|Born||10 August 1874|
Posen, German Empire
|Died|| 25 February 1948 73) (aged|
|Institutions||University of Leipzig|
Felix Krueger (or Krüger) (10 August 1874 in Posen; - 25 February 1948 in Basel) was a German psychologist and professor at the University of Leipzig.
Germany, officially the Federal Republic of Germany, is a country in Central and Western Europe, lying between the Baltic and North Seas to the north, and the Alps to the south. It borders Denmark to the north, Poland and the Czech Republic to the east, Austria and Switzerland to the south, France to the southwest, and Luxembourg, Belgium and the Netherlands to the west.
A psychologist studies normal and abnormal mental states, cognitive, emotional, and social processes and behavior by observing, interpreting, and recording how individuals relate to one another and to their environments. To become a psychologist, a person often completes a graduate university degree in psychology, but in most jurisdictions, members of other behavioral professions can also evaluate, diagnose, treat, and study mental processes.
In 1929 he belonged to the founding members of Alfred Rosenberg's Militant League for German Culture.
Alfred Ernst Rosenberg was a Baltic German-born theorist and an influential ideologue of the Nazi Party. Rosenberg was first introduced to Adolf Hitler by Dietrich Eckart and later held several important posts in the Nazi government.
The Militant League for German Culture, was a nationalistic anti-Semitic political society during the Weimar Republic and the Nazi era. It was founded in 1928 as the Nationalsozialistische Gesellschaft für deutsche Kultur by Nazi ideologue Alfred Rosenberg and remained under his leadership until it was reorganized and renamed to the National Socialist Culture Community in 1934. Its aim was to make a significant imprint on cultural life in Germany that was based on the aims and objectives of the inner circles of the Nazi Party. Upon its reorganization, it was merged with the Deutsche Bühne, connected with the establishment of the official body for cultural surveillance, the "Dienstelle Rosenberg" (DRbg) and was later known as the Amt Rosenberg.
When the Nazis seized power in 1933 Krueger wrote: “This is not only about the future of Germany. Ethics and thus the life of the white race are at stake.”
The Nazi authorities eventually later found out that his grandfather was a "full-blooded Jew."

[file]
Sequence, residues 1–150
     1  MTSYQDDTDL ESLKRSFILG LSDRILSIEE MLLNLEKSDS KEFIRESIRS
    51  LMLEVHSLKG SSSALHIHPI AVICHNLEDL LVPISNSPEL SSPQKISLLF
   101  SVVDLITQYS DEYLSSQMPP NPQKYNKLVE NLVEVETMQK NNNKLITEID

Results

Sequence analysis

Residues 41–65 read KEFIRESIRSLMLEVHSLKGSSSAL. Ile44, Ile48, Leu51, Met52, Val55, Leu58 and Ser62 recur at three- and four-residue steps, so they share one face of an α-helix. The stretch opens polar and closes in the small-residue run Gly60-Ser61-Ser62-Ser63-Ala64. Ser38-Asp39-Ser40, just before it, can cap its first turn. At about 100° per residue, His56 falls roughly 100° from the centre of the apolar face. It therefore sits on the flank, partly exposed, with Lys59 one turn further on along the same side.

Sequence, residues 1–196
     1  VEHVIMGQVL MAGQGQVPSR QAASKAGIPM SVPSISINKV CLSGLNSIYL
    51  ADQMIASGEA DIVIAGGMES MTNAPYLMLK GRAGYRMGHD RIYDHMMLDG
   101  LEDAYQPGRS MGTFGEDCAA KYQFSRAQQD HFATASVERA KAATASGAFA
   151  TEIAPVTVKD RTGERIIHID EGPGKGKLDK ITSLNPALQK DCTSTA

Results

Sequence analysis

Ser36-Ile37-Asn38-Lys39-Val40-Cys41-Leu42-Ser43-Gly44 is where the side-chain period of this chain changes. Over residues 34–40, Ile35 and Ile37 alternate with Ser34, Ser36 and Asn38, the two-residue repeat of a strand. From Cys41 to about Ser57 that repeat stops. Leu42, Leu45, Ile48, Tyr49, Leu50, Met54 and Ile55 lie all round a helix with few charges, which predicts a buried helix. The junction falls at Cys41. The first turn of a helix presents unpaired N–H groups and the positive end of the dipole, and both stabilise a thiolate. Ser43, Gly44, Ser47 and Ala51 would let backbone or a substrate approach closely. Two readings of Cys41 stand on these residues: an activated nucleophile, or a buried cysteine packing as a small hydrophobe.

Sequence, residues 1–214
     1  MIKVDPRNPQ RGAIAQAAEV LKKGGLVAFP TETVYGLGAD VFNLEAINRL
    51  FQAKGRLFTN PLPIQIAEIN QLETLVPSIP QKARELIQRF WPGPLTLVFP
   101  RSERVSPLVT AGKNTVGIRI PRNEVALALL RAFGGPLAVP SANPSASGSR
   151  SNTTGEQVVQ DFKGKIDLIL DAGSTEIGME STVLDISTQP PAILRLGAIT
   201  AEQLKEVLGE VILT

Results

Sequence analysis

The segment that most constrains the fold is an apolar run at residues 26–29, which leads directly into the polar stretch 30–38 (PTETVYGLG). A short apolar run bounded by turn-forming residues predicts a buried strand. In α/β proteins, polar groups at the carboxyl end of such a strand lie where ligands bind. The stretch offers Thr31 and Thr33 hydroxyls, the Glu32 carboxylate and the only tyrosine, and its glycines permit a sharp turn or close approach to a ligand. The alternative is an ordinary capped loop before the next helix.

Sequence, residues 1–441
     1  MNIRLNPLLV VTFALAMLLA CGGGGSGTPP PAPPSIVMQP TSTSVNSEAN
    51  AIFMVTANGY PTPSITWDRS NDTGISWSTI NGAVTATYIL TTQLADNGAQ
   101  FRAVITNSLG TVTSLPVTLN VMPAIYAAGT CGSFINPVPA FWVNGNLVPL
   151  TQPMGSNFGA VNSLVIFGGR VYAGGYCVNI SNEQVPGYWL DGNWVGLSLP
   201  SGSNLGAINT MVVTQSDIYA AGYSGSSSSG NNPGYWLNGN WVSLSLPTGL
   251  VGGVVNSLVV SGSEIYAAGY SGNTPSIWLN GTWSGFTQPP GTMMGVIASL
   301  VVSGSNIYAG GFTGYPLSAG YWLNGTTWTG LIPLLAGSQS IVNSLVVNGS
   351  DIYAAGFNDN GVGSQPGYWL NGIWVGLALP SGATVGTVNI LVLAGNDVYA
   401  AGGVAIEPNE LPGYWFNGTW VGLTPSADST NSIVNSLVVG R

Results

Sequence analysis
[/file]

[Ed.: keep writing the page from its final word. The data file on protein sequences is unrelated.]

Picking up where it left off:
Hans-Georg Gadamer was a German philosopher of the continental tradition, best known for his 1960 magnum opusTruth and Method on hermeneutics. He was a Protestant Christian.
Werner Catel, Professor of Pediatrics at the University of Leipzig, was one of three doctors considered an expert on the programme of euthanasia for children and participated in the Action T4 "euthanasia" programme for the Nazis, the other two being Hans Heinze and Ernst Wentzler.
The Frankfurter Wachensturm on 3 April 1833 was a failed attempt to start a revolution in Germany.
Friedrich Blume was professor of Musicology in Kiel University from 1938–1958. He was a student in Munich, Berlin and Leipzig, and taught in the last two of these for some years before being called to the chair in Kiel. His early studies were on Lutheran church music, including several books on J.S. Bach, but broadened his interests considerably later. Among his prominent works were chief editor of the collected Praetorious edition, and he also edited the important Eulenburg scores of the major Mozart Piano Concertos. From 1949 he was involved in the planning and writing of Die Musik in Geschichte und Gegenwart. Coincidentally he died within a few weeks of another prominent Mozart musicologist, Cuthbert Girdlestone, and was thus almost his exact contemporary.
Ernst Philipp Barthel (17 October 1890 in Schiltigheim – 16 February 1953 in Oberkirch was an Alsatian philosopher, mathematician and inventor. In the 1920s and 1930s he taught as a private lecturer of philosophy at the University of Cologne. From 1924 on Barthel edited the magazine Antäus. Blätter für neues Wirklichkeitsdenken, which served as the organ of the Gesellschaft für Lebensphilosophie founded by him in Cologne. Barthel maintained philosophical friendships with his compatriots Albert Schweitzer and Friedrich Lienhard.